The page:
“We are what we repeatedly do. Excellence is not an act, but a habit.” Aristotle had it correct, especially when it comes to the field of business coaching. It’s those things that coaches do every day, the ways they naturally behave, that make them so well suited to their profession.
I’ve worked with a lot of coaches over the years, and I’ve noticed quite a few habits that seem to be universal among the most successful of them. These 13 habits are the foundation of every highly effective coach.
1. Interested in growth
Coaches spend a lot of time on personal development. They’re dedicated to continuing their education, including reading books, taking classes, and joining professional associations.
2. Uses a coach
The best coaches believe in what they do. So much so, in fact, they employ the services of a coach themselves in an effort to stay on track and continuously improve.
3. Lives in the moment
You won’t see a great coach staring at their phone when other people are around. They remain focused on the present moment, taking in everything and everyone around them.
4. Asks questions
A great coach is as curious as a cat, asking questions of everyone for no other reason than a sincere interest in getting to know people better on a deeper level.
5. Genuinely cares
Empathy is a common characteristic of great coaches. They understand and feel what others are thinking and feeling in a deep and profound way.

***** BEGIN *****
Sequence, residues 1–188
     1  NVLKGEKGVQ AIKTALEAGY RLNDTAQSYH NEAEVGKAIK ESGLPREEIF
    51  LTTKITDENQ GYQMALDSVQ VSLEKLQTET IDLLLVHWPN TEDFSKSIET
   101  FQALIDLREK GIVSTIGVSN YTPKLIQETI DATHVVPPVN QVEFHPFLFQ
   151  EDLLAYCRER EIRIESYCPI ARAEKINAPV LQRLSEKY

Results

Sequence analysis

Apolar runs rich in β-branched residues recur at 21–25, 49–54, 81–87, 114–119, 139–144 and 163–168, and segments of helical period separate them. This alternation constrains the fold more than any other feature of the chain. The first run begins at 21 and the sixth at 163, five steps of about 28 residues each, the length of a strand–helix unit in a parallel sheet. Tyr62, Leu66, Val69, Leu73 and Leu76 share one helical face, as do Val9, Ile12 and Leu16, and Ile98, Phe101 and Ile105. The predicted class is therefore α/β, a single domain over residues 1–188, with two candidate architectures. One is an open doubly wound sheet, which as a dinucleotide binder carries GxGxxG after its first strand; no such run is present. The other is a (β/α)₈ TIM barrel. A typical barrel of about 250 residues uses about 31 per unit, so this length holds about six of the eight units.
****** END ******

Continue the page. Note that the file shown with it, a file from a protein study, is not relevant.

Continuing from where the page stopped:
6. Develops trust
You know the person who you’d trust with your deepest, darkest secrets? The one who’d listen without judgement and who’d never betray you? That person would probably be a great coach.
7. Listens well
Hearing others out, without interjecting a personal opinion, is another habit common amongst great coaches. They’re not thinking of what they’ll say next or trying to “win” the conversation, they listen because they want to truly hear what the person is saying and feeling.
8. Communicates clearly
Being able to communicate clearly and respectfully with people of varying personalities is a habit all successful coaches must develop. Likewise, they expect the same in return.
9. Is confident
When someone has confidence in their skills and abilities, others are more inclined to follow them. Great coaches know this, and that’s why they make it a habit to be self-assured.
10. Lacks ego
Successful coaches are confident, but never arrogant. They’re uninterested in giving advice or providing solutions, but get very excited by helping others arrive at their own conclusions and solve their own problems.
11. Is unafraid
There’s always that one person in a group who asks the tough questions and is the first to call someone out when they need it. That’s the type of person who makes an excellent coach.
12. Inspires action
Can you motivate and others simply by having a conversation with them? Do people feel empowered to tackle their problems after spending time with you? Then you’ve developed one of the most important habits of a successful coach.
13. Remains positive
Negative self-talk, constant complaining, belittling, and berating? No way. Effective coaches are people who always look on the bright side and offer up encouraging words.
What do you think? Did I leave an important habit off the list? I’d love to hear any additions you’d make in the comments.
Originally published at medium.com